ROME (AP) — Beyonce told Serena Williams to dance and the tennis champion let loose.

Top-ranked Williams recounted Sunday how she came to have a part in the singer’s video, “Lemonade.”

Williams says, “I have known the director since I was like nine years old. I know Beyonce pretty well, so they were like, ‘We would love for you to be in this particular song. It’s about strength and it’s about courage and that’s what we see you as.'”

Williams’ appearance came on the song “Sorry,” which features Beyonce showing her man the stupidity of his cheating ways.

Williams says, “She told me that she just wants me to dance, like just be really free and just dance like nobody’s looking and go all out. So that wasn’t easy in the beginning, but then it got easier. … I thought that particular song on the visual album was really a strong song, and it was also really fun at the same time.”

ATHENS, Ohio (AP) — Six Ohio school districts closed on Friday while authorities investigated what turned out to be a misinterpretation of an anonymous video threatening the safety of “American students.”

Officials initially believed the threat might be directed toward Ohio University, but late Friday they said there was no risk to the university from the video, which was posted on the social media app Yeti by a user in Europe.

Investigators shared an image from the video that shows a hand holding a gun and the words: “Tomorrow American students will die. Some of u are ok. Don’t go to school tomorrow.”

A concerned member of the app’s Ohio University group alerted authorities to the threat, but they determined that the video appeared in the user’s Yeti feed based on keywords being monitored, not because the person making the threat was affiliated with the group.

Ohio University’s main campus in Athens remained open as officials there worked with law enforcement to evaluate the threat, university spokeswoman Katie Quaranta said. She said the week of final exams was wrapping up and weekend commencement ceremonies for thousands of graduates would proceed as scheduled.

The FBI has been working with local law enforcement officials, spokesman Todd Lindgren said late Friday. He declined further comment.

Athens County Sheriff Rodney Smith told The Athens Messenger that his office learned early Friday about a general threat produced around Athens and made toward American students.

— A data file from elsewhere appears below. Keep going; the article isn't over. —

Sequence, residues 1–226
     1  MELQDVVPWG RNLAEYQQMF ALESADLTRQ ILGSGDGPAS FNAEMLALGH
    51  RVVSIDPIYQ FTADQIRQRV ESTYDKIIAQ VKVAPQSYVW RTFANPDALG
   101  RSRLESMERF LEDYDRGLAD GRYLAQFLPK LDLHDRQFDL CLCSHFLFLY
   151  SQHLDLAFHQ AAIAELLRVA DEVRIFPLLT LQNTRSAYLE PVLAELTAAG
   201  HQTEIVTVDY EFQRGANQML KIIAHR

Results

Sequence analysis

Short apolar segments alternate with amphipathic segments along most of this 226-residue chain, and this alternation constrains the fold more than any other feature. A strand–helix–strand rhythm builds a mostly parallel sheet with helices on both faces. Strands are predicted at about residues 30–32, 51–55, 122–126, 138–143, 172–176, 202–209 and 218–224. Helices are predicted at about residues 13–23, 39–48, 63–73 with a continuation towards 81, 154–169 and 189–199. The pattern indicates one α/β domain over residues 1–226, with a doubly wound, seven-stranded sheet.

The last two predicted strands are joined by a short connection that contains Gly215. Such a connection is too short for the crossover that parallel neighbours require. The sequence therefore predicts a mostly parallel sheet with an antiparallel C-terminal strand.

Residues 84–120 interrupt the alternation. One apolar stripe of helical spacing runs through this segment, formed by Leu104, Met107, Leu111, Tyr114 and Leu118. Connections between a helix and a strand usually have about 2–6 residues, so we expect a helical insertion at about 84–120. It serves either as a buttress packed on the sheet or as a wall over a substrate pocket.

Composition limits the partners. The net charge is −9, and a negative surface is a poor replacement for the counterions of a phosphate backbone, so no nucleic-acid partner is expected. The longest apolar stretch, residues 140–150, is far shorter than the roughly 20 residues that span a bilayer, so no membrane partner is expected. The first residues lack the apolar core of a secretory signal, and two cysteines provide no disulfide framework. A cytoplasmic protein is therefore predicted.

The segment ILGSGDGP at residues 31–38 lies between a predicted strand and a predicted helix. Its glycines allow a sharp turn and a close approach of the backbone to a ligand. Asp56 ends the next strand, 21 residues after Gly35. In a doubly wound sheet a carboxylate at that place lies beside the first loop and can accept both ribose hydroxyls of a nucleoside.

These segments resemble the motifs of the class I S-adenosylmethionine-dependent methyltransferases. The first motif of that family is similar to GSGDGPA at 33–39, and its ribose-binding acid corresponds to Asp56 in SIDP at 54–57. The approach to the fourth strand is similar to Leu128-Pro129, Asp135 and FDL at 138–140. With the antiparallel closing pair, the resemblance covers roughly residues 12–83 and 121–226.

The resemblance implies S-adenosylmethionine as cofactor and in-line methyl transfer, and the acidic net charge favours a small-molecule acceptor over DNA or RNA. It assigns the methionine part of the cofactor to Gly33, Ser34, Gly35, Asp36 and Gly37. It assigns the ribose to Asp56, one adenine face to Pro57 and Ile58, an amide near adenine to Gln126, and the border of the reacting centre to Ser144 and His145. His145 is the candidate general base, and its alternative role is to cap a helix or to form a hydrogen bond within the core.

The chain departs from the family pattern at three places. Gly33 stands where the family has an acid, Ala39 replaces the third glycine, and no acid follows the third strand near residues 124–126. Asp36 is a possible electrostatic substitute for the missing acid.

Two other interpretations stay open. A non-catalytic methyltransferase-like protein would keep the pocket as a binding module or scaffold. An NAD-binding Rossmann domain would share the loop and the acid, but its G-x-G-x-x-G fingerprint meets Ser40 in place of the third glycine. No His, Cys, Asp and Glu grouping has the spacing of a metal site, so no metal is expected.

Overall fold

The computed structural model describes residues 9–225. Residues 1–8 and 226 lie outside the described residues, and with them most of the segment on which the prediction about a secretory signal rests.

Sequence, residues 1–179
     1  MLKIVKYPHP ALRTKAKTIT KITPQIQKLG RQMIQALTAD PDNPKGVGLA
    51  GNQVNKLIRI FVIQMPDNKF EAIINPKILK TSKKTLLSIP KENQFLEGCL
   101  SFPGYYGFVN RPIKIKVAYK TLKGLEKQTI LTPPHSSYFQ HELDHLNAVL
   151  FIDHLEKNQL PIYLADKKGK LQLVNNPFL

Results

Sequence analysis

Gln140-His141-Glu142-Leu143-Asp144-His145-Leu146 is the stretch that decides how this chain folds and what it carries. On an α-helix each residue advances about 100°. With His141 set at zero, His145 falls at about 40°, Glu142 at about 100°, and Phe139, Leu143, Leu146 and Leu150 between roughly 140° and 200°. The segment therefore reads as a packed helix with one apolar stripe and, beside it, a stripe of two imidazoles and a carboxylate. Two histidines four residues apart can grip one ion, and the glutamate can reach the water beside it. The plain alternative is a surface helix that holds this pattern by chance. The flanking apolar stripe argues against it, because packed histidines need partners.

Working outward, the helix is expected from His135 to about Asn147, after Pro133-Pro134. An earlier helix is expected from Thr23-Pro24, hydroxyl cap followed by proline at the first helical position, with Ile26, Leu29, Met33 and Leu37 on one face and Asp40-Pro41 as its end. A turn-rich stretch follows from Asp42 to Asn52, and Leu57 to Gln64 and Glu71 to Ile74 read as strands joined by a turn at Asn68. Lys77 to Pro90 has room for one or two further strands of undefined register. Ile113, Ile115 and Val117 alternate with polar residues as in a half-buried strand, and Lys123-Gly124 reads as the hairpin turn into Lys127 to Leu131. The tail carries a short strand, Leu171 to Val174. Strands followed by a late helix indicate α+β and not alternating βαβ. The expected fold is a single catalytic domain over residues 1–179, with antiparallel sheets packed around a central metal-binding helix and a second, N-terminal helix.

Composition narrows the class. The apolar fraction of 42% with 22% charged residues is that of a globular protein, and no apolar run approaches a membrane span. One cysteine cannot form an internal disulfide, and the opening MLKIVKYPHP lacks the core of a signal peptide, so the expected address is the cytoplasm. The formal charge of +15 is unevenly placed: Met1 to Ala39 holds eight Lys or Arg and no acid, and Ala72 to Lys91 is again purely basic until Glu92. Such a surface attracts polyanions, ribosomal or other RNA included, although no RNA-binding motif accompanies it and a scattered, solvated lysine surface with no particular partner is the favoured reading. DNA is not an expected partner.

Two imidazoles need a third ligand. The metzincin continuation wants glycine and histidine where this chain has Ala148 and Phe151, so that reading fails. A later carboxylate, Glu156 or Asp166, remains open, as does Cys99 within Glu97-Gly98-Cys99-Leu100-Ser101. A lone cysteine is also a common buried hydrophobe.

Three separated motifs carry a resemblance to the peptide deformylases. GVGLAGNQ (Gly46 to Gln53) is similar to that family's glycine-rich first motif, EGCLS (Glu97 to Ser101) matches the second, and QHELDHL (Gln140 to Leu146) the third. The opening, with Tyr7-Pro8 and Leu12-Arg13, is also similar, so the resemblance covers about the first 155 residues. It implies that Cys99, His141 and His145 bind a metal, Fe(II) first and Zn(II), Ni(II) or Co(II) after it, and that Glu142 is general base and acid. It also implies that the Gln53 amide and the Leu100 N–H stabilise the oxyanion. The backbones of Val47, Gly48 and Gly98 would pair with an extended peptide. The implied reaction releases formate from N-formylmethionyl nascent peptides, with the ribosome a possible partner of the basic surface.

The districts that closed were Athens City, Nelsonville-York Local, Federal Hocking, Trimble Local, Alexander Local and Tri-County schools. Those largely rural districts have a total of more than 8,000 students, based on enrollment data provided to the state for last year.

In an audio message sent to parents, Athens schools Superintendent Tom Gibbs said his district decided to close given the “short time frame to respond to the threat.”

The Ohio Department of Education was monitoring the situation as the closed school districts worked with local law enforcement, department spokeswoman Brittany Halpin said.

SARATOGA SPRINGS, N.Y. (AP) — The nation’s longest continuously operating coffeehouse is putting together a video featuring Arlo Guthrie and Garrison Keillor to celebrate the upstate New York folk music venue’s impending renovations.

The not-for-profit organization that runs Caffe Lena (LEE’-nuh) in downtown Saratoga Springs, New York, announced earlier this year that it will undergo $1.5 million in improvements to the building that houses the second-floor concert venue.

Organizers have been working on a music video that features Caffe Lena veteran Guthrie, “A Prairie Home Companion” host Keillor and Peter Yarrow and Noel Paul Stookey of Peter, Paul and Mary.

Caffe Lena, which turns 56 next month, is looking for people to gather on the street outside the venue Saturday morning to be filmed singing the final chorus for the video, which will be released through social media in the fall.

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This story has been corrected to correct venue’s age to 56 instead of 66.